Lottery winner killed by cyanide
Published 08/01/2013 | 08:38
With no signs of trauma and nothing to raise suspicions, the sudden death of a Chicago man just as he was about to collect nearly 425,000 US dollars (£264,550) in lottery winnings was initially ruled a result of natural causes.
Nearly six months later, authorities have a mystery on their hands after medical examiners, responding to a relative's pleas, did an expanded screening and determined that Urooj Khan, 46, died shortly after ingesting a lethal dose of cyanide.
The finding has triggered a homicide investigation, the Chicago Police Department said.
"It's pretty unusual," said Cook County Medical Examiner Stephen Cina, commenting on the rarity of cyanide poisonings. "I've had one, maybe two cases out of 4,500 autopsies I've done."
In June, Mr Khan, who owned a number of dry cleaners, visited a 7-Eleven convenience store near his home in the West Rogers Park area on the city's North Side and bought a ticket for an instant lottery game.
Shop assistant Ashur Oshana said Mr Khan told him he had sworn off gambling after returning from the hajj, a Muslim pilgrimage, but bought the ticket and scratched it off in the shop. "Right away he grabbed my hand," Oshana said. "He kissed my hand and kissed my head and gave me 100 dollars. He was really happy."
"Winning the lottery means everything to me," he said at an Illinois Lottery ceremony on June 26, which was also attended by his wife, Shabana Ansari, their daughter, Jasmeen Khan, and several friends. He said he would put some of his winnings into his businesses and donate some to a children's hospital.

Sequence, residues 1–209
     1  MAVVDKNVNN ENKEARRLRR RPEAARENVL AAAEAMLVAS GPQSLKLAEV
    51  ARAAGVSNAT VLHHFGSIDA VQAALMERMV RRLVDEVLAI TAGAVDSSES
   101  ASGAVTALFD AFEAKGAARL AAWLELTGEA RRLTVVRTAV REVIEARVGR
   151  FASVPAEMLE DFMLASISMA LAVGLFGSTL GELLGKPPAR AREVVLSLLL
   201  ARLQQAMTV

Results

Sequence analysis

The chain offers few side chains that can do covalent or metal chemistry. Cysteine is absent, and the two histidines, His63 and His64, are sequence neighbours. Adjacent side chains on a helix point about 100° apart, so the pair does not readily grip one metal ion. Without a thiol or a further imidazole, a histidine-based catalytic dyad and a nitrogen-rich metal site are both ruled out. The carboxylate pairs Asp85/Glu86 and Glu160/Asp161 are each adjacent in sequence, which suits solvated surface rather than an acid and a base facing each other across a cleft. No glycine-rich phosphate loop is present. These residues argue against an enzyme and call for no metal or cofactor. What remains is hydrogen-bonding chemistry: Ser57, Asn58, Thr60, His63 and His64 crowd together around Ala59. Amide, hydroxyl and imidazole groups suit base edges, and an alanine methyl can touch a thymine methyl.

The cheque was issued from the state Comptroller's Office on July 19, the day before Mr Khan died, but was cashed on August 15, Mr Lang said. If a lottery winner dies, the money typically goes to his or her estate, he said.
No signs of trauma were found on Mr Khan's body during an external exam and no post-mortem examination was carried out because, at the time, the Cook County Medical Examiner's Office did not generally perform them on people over the age of 45 unless the death was suspicious, Mr Cina said.
Cyanide can get into the body by being inhaled, swallowed or injected. Deborah Blum, an expert on poisons, said: "It has a really strong, bitter taste, so you would know you had swallowed something bad if you had swallowed cyanide. But if you had a high enough dose it wouldn't matter, because... a good lethal dose will take you out in less than five minutes."